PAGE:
June 13, 1997



Journal Music Writer


Some facts about U2's PopMart tour, which hits Commonwealth Stadium Saturday and Sunday:

  • The tour features the world's largest television screen, about 50 metres by 16 metres, behind the stage. The screen weighs about 26,000 kg and sports 35 km of cable, 120,000 connectors, 21,000 circuit boards and 150,000 pixels. It cost $6 million.

  • The stage, about 60 metres by 23 metres, is dominated by a 30-metre high arch that supports sound and lighting systems. It also features an 11-metre-high mirrorball lemon and a four-metre-wide illuminated stuffed olive atop a 30-metre-tall toothpick.

  • The public address system uses more than one million watts of power. The lighting system uses more than 1,000 lights, including 100 strobe lights and 20 Xenon search lights.


    Environment Canada is forecasting a few clouds Saturday night, with temperatures around 20. On Sunday, the weather service is calling for clear skies and a temperature of 18.


    There are still tickets available - including floor seats - for both Saturday and Sunday shows. They can be purchased at all TicketMaster outlets or by phone at 451-8000. They're $45 and $60 plus service charges.

  • EDMONTON - When U2 takes the stage at Commonwealth Stadium Saturday between 9:30 p.m. and 10 p.m., there'll still be a good half-hour of light left in the northern Alberta sky.

    For the first part of the show, the tour's much-hyped centrepieces - the world's biggest television screen, the spectacular light show - will likely be rendered nearly invisible by nature.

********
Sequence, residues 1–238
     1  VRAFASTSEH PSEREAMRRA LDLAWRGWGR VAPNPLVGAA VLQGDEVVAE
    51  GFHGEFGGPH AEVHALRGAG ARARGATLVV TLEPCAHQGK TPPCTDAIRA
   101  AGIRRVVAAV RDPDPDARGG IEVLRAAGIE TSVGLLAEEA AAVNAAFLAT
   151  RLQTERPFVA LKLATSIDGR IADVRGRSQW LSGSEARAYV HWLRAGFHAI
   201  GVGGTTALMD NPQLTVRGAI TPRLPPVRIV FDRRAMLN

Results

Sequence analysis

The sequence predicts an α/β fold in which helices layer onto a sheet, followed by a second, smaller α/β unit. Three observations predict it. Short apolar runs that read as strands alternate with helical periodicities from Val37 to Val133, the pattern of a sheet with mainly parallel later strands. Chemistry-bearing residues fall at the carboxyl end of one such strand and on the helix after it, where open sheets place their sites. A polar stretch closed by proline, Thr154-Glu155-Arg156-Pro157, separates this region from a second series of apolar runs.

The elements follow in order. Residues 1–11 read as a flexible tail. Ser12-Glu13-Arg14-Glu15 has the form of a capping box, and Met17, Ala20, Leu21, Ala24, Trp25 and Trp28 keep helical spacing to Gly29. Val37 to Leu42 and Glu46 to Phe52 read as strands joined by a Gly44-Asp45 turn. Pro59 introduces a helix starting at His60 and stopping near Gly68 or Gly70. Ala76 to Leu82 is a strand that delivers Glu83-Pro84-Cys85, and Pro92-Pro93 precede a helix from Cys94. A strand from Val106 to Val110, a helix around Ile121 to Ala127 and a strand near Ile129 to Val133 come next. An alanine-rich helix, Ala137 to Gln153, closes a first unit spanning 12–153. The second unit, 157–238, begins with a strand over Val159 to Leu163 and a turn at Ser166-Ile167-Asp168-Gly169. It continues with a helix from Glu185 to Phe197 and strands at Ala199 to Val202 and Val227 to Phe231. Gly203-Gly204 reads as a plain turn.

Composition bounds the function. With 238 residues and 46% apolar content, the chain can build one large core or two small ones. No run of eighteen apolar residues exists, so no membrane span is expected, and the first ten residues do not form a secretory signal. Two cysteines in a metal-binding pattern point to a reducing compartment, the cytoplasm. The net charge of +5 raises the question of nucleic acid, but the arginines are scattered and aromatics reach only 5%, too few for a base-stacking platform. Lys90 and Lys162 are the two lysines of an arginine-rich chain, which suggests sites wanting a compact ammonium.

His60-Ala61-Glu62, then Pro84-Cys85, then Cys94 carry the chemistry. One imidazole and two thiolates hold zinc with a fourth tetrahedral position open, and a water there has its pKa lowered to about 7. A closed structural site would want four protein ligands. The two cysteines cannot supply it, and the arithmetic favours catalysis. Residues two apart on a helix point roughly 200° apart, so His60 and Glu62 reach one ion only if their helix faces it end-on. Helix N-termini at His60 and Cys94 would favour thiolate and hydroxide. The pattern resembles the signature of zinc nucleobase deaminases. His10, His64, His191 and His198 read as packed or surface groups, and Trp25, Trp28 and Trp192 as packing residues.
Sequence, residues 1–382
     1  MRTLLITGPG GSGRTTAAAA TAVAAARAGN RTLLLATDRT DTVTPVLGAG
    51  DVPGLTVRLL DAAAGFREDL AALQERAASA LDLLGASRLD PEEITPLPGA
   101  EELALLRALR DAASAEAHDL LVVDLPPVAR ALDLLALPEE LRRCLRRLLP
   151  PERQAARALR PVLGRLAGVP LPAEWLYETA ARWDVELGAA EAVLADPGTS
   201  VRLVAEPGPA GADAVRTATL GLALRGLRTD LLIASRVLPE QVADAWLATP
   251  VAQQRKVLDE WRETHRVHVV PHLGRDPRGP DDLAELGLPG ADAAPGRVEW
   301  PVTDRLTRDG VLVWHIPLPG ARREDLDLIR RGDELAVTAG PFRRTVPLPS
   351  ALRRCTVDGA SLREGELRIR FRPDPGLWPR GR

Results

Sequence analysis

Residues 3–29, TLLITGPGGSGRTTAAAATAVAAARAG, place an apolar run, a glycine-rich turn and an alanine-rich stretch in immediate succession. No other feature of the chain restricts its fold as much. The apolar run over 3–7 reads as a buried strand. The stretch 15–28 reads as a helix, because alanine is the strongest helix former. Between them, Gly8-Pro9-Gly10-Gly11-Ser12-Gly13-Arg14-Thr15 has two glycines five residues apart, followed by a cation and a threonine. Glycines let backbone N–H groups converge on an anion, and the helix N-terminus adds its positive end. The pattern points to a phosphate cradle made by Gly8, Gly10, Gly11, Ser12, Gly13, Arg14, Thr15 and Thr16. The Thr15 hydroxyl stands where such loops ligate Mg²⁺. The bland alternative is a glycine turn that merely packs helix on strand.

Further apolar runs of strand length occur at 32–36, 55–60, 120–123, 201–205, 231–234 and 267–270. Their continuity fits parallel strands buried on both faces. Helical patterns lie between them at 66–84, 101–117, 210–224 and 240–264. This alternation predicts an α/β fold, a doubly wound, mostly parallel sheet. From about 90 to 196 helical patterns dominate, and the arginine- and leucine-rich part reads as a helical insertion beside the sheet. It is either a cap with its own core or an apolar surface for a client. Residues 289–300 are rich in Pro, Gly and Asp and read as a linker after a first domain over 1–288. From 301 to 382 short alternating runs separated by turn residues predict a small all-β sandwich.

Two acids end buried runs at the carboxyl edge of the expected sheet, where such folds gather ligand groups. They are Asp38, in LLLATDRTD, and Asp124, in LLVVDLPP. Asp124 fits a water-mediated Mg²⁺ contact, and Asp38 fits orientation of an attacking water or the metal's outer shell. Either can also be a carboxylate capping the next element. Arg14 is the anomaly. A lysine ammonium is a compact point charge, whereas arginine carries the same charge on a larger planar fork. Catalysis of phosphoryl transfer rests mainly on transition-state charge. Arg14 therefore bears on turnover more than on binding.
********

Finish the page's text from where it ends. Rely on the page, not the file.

All of which raises the question: isn't staging a pair of outdoor concerts on two of the longest nights of the year kind of a boneheaded move?

    "Oh, yes, the Canadian daylight thing," sighs Willie Williams, the man who has designed U2's current PopMart world tour, along with every other tour the Irish supergroup has staged in the past 15 years.

    "This is not just a Canadian problem, it's a European problem, as well. And because of that, I designed the first portion of the show so it works equally well in daylight.

    "We rely more on sound, on the songs and the performance."

    Williams said U2 is used to playing outdoor shows in cities much further north than Edmonton.

    The band plays Oslo and Helsinki in August. Those European cities are as far north as the Alberta/Northwest Territories border.

    "Often bands will come to these northerly cities without realizing that it's daylight a lot longer there than, say, in America. But it's something we take into consideration."

    Environment Canada says the sun will set at 10:04 p.m. Saturday and a minute later Sunday, the second date of U2's two-night Edmonton stop.

    It doesn't get dark, though, until well after that.

    Williams said he's unsure whether Commonwealth's fans will be able to see the images on the giant 50-metre-by-16-metre screen when the concert starts.

    "Maybe we're wiser to hold off on the screen for the first half hour until it really gets dark out. I'll have to see how dark it gets the night before the first show."

    Al Bodnar, an assistant manager with Commonwealth Stadium Enterprises, says PopMart's special effects will get better and more visible as the concert progresses.

    "A half-hour into the show, someone might say to the person next to him, 'I wish I could see the screen better.'

    "But the next time they think to mention it, it'll be that much darker and they won't even notice anymore."